A recent survey of more than 2600 physicians in 6 countries reveals that fewer physicians believe their use of electronic health records (EHRs) have improved treatment decisions, reduced medical errors, or improved outcomes even though most physicians rate themselves as more proficient in their use of EHR. The survey, conducted by Acccenture, a leading management consulting company, was released in April at the annual meeting of the Healthcare Information and Management Systems Society in Chicago.1

The survey included approximately 600 US physicians. The survey among US physicians found that health care IT use among physicians has averaged double-digit growth since a 2012 survey. However, fewer physicians now believe that EHR has improved treatment (46% vs 62% in 2012), reduced medical errors (64% vs 72%), or improved health outcomes for patients (46% vs 58%). Seventy-nine percent said they are more proficient in using EHRs than they were 2 years ago. The 5 IT capabilities that US physicians use most are entering patients’ notes electronically, prescribing drugs electronically, receiving clinical results directly into a patient’s EHR, using electronic administration tools, and sending e-orders to labs.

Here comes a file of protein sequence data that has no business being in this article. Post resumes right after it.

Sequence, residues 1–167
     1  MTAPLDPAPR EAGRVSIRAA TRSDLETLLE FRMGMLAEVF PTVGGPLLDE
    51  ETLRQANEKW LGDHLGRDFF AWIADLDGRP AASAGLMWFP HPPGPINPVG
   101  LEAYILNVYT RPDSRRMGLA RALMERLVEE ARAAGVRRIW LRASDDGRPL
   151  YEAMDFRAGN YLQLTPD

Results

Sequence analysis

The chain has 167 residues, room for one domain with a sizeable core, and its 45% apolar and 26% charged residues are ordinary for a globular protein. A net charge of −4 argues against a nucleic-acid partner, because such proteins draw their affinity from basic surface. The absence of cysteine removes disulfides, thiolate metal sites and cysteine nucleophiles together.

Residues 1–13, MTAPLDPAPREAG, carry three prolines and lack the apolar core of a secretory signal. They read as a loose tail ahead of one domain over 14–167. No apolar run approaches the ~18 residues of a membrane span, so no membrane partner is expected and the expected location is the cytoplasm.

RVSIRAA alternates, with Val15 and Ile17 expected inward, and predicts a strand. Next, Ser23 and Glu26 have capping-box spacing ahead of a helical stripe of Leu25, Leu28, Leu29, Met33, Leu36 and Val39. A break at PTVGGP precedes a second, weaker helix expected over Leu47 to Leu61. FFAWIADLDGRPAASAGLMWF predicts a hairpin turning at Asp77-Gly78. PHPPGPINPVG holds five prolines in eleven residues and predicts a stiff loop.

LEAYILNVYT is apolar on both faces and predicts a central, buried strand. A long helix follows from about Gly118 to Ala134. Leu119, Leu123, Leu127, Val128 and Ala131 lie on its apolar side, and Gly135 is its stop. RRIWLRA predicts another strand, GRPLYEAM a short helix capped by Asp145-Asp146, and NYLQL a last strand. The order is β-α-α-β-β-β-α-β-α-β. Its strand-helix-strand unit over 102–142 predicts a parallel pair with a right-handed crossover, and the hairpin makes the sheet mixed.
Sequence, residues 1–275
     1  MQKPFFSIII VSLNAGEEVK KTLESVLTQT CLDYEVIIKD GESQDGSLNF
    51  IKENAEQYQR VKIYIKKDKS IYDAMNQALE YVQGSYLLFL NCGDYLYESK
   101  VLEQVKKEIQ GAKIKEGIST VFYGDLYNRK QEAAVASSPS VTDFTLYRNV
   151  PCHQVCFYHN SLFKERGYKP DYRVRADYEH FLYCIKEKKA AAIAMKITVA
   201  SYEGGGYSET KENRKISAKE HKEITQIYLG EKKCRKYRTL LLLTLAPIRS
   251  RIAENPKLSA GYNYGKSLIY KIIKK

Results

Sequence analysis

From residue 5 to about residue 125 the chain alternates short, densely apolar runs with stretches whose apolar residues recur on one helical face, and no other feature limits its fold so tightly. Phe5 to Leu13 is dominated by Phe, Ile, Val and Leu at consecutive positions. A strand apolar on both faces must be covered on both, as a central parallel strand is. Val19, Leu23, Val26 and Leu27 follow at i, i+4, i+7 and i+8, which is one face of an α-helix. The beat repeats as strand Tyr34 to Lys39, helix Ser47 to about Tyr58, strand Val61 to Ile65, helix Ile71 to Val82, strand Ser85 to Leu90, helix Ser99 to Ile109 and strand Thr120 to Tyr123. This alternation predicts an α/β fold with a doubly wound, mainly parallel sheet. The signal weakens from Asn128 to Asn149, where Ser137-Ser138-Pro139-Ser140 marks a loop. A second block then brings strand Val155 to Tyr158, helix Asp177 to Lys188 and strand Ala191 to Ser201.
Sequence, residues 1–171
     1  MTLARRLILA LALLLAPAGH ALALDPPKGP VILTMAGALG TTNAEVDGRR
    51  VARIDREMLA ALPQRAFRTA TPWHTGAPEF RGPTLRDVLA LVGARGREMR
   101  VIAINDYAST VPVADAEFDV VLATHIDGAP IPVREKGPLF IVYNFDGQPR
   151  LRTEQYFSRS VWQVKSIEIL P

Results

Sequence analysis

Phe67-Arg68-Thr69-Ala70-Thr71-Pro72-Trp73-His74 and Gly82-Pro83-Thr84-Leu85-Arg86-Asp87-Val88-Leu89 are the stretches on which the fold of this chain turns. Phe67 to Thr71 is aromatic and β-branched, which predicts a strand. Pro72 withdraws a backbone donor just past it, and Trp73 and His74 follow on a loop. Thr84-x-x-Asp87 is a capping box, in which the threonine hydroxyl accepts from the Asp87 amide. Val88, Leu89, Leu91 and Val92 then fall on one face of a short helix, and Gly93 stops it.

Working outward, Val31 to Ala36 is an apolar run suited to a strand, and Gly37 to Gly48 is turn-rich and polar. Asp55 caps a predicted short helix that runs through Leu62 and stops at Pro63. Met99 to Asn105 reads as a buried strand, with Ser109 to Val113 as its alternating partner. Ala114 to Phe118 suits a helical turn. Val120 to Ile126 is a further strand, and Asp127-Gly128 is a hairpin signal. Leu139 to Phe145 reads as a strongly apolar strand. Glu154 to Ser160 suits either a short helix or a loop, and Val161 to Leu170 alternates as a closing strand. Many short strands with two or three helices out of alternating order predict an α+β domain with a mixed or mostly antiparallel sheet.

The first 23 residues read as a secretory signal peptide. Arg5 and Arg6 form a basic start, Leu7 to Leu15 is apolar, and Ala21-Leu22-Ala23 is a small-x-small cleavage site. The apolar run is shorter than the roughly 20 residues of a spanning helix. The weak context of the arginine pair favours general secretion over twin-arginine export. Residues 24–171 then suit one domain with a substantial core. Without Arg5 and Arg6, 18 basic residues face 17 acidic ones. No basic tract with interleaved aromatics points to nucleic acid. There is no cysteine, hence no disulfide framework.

The downsides of EHR are numerous, however, according to surveyed physicians:

  • More than two-thirds (70%) believe health care IT has decreased the amount of time they spend with patients. Despite the physicians’ perceptions that they are spending less time with patients, they don’t believe they are making poorer-quality decisions as a result.
  • About 76% believe that lack of interoperability between the tools currently available limits their ability to improve the quality of patient care through health care IT.
  • About half (58%) say the EHR system in their organization is hard to use.

The survey also showed that 82% of physicians believe that letting patients update their own medical records increases their engagement in their own health, improves patient satisfaction (81%), raises understanding of their health conditions (72%), and increases the accuracy of their medical records (60%).


Focusing on Cardiologists

A recent American College of Cardiology (ACC) survey found that 90% of 350 cardiologists they surveyed run EHRs in their practice, with 80% of the EHRs 2 or more years old.2 Yet only 35% of respondents were relatively satisfied with their EHR. Many of the respondents felt the positives of EHRs did not balance out what they disliked about them. Cardiologists remarked that EHRs cut into “face time” with patients; physicians spent more time behind the computer during visits, making it harder to speak directly to patients and create adequate rapport.


1. Accenture news release. Despite increased use of electronic medical record, fewer US doctors believe it improves health outcomes, Accenture survey shows. Chicago, IL, April 13, 2015.

2. Marshall A. EHRs: heartache & helpmate for cardiologists. Cardiovascular Business.